Frying Pan - Spring Runoff
The spring run-off is an important part of the cycle in the life of a river. It may clean parts of the river out and remove a lot of rubbish. It will also cause the river to reshape itself a little so sometimes you will find that a little backwater or eddy which served you well last year has disappeared and been replaced with a log jam or a deep gutter. A bank may be undercut and result in a large tree falling into the water pushing the course of the water flow away from the bank. All this is good for a river. It introduces debris and material into the river in some parts which will in time support bug life and hence a food cycle for the fish. "Better Trout Habitat" by Christopher Hunter is recommended reading for anyone who has an interest in the evolution of a water course and the development of desirable habitat.
The extent of the runoff depends on the snow pack and the warmth of the spring. If the days heat up rapidly for an extended period and the snow melts quickly the run off will be fast dirty and messy. The runoff is good for the rivers. However, it can discolor the water from time to time. In the increased water flow the fish will tend to find more protected areas. They will locate themselves behind boulders or deep down where the flow is not as fast. The higher volume of water will also cause the fish to spread out more. So if the water is clear enough, the fishing will still be good because the fish have to feed. Just look for the areas where the fish can get some protection from the heavier faster flow.
In the Frying Pan, there is generally clear water because most of the run-off into Ruedi is caught by the dam so that only clear water is released from the bottom. In this respect refer to our discussion of the Frying Pan as a tailwater. Consequently, for most of the time during run-off the Frying Pan will provide good fishing. However, there are occasions when the run-off in the various creeks which feed the Frying Pan will blow out and the water will become discolored. One vulnerable place is just below 7 Castles at about the 4 mile mark. Several time a year very muddy water will run into the Frying Pan at that point and discolor the water all the way to Basalt. The same thing happens in Summer after a sudden thunderstorm when the rain cascades down between the castles and washes mud into the river. The instances are rare. The main thing to remember is that just because the Frying Pan is discolored at Basalt, doesn't mean that it is discolored all the way up to the Dam. So check in at the Fly Shop and ask because it might be worth the drive above the discolored water.
In 2005 because of the late snowfall and heavy rains in April and May followed by very hot weather the run-off came quickly. So quickly and with such volume that the Upper Frying Pan quickly filled Reudi and threatened to go over the top of the wall. As a consequence the water was released at the rate of 400cfs for almost 2 weeks. It did have the benefit of flushing the river but the fishing was tough as the best spots to fish in such conditions were across the river and hard if not impossible to wade to. The water was also discolored while the extra flow flushed out the watercourse. The only good fishing was with weighted nymphs as the fish tended to stay close to the bottom. If one could get to the quieter sections of the river like side channels, big fish were to be found out of the way of the increased flow.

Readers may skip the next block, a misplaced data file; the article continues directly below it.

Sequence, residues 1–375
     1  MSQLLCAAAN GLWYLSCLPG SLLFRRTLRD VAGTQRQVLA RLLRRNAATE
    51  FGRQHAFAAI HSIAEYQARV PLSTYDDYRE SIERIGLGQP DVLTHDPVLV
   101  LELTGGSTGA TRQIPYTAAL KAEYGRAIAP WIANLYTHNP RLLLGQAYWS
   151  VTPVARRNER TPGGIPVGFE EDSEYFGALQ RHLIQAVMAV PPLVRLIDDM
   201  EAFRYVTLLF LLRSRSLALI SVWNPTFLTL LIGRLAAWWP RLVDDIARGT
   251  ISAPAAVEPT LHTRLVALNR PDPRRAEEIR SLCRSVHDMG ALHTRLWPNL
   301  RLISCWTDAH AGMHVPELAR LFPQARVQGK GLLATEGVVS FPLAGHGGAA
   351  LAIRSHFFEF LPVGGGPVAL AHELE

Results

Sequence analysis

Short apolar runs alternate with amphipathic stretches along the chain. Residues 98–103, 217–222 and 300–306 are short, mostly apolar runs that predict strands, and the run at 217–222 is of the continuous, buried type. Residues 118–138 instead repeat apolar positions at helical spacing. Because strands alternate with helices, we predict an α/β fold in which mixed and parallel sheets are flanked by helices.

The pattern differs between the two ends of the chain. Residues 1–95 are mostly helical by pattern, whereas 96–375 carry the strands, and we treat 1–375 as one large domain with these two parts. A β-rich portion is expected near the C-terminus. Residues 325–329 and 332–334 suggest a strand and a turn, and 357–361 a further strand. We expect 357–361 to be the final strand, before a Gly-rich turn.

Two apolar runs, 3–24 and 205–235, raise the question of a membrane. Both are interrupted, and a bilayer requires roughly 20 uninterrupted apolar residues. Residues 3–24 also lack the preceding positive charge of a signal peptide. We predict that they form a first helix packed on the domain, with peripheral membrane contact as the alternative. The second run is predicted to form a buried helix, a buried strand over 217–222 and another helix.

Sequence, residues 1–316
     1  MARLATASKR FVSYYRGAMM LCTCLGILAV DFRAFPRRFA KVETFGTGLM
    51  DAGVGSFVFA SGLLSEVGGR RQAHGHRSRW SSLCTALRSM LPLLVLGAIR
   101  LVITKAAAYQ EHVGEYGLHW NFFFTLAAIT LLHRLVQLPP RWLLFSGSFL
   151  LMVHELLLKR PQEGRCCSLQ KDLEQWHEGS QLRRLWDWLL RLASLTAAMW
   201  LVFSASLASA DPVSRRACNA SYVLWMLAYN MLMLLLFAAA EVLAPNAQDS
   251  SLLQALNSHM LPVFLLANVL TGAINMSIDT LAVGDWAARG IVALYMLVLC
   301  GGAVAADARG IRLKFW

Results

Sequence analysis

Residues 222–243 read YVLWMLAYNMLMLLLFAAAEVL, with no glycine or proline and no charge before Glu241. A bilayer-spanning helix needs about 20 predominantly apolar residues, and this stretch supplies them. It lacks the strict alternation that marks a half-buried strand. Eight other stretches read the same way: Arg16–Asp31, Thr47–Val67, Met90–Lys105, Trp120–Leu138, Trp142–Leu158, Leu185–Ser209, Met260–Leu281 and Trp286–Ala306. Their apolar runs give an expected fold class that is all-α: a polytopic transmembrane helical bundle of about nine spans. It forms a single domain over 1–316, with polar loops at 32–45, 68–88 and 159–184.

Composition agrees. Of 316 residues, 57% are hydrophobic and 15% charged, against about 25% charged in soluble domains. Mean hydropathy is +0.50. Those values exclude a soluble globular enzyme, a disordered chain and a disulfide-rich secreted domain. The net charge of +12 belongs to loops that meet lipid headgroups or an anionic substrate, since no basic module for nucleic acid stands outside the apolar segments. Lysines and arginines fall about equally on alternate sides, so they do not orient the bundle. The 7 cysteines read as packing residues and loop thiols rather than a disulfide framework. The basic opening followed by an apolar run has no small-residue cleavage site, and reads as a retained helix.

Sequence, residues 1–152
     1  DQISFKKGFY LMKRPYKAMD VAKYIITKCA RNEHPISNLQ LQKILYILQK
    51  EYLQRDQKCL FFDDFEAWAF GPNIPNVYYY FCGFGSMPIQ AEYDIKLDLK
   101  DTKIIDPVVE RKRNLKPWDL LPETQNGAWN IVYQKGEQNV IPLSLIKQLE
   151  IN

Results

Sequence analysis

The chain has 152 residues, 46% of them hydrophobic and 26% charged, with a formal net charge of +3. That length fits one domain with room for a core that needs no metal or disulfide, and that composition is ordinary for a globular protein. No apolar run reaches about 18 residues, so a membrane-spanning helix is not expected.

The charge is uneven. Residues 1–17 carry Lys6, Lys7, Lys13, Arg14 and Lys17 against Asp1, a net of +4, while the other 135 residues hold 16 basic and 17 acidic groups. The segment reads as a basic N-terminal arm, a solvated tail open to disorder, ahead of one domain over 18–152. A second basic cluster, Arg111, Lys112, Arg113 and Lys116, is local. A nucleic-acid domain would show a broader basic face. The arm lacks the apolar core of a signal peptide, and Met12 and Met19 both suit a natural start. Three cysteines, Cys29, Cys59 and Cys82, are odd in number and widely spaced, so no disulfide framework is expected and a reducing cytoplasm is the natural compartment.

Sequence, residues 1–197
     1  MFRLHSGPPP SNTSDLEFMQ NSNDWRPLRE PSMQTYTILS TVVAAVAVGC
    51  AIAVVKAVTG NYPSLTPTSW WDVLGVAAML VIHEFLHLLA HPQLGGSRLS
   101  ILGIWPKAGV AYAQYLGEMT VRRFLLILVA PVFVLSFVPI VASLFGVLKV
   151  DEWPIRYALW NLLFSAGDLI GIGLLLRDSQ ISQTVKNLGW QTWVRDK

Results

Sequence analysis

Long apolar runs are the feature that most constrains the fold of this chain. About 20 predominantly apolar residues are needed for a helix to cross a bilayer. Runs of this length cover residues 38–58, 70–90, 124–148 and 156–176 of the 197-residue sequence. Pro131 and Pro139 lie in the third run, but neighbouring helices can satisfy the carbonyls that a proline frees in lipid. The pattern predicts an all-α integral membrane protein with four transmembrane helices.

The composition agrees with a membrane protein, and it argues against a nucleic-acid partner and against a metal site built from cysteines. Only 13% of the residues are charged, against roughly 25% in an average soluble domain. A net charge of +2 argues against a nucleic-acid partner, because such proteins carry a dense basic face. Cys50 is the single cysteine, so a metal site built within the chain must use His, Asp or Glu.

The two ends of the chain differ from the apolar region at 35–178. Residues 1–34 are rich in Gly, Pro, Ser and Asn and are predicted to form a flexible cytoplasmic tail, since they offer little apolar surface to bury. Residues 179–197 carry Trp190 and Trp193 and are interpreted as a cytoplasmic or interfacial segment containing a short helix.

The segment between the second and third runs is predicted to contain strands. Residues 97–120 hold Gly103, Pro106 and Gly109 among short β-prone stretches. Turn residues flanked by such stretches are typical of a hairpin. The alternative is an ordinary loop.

However immediately after the flow was dropped back to normal, the fishing was excellent as the big fish had spread out and were caught in places where we normally saw only smaller fish.
The Colorado River, Roaring Fork River and the Crystal River are all freestone rivers and therefore don't benefit from the same flow regulation that the Frying Pan enjoys. Typically our freestone rivers peak in mid June. They drop faster than they rise, and they clear very fast. This is the time to start floating the rivers again.
The run-off will start first on the Colorado. It is lower down and prone therefore to melt earlier. If the weather remains colder during March, that will hold off the run-off and offer great fishing on the Colorado as the BWO will appear there before they start up higher. However as soon as the run-off starts it will quickly turn to mud and won't be worth floating until later June, early July.
The Crystal will also tend to dirty up quickly being lower and therefore it will feed into the Roaring Fork at Carbondale. The Crystal will get dirty first from Avalanche Ranch and therefore there is always a little fishing higher up for a little longer. However as soon as the dirt starts flowing into the Crystal, it will make the fishing less productive from Carbondale to Glenwood on the Roaring Fork.
Therefore as soon as the run-off start from the Crystal, the best place to fish the Roaring Fork is above Carbondale. The Frying Pan generally remains pristine, so there is only a rare occasion when the Frying Pan will dirty up the Roaring Fork at Basalt.
The Roaring Fork will continue to fish well until the run-off starts from Snowmass and Independence Pass. Being higher and therefore colder longer, this will maintain the fishing for a time. However, as soon as those temperatures start to move up, particularly at night, the Roaring Fork will be dark above Basalt. At this time, the best fishing is on the Frying Pan.
If you watch the water flows, on the Fork, you will note that the height of the run-off is midday at Basalt. This is because the previous days run-off takes that time to peak at Basalt. Therefore as the peak passes each afternoon, the flow drops and it is therefore better to go fishing in the afternoons.
However, as soon as the river starts to drop the water will clear quickly as the flow is no longer covering higher ground. The river bottom will have been cleaned by the previous flow and the water will therefore be clear.